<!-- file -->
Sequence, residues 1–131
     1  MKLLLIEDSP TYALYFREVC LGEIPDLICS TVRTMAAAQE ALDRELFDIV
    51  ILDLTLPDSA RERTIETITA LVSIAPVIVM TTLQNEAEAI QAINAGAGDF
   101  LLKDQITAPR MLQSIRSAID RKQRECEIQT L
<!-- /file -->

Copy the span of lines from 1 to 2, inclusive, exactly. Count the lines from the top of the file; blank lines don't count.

Sequence, residues 1–131
     1  MKLLLIEDSP TYALYFREVC LGEIPDLICS TVRTMAAAQE ALDRELFDIV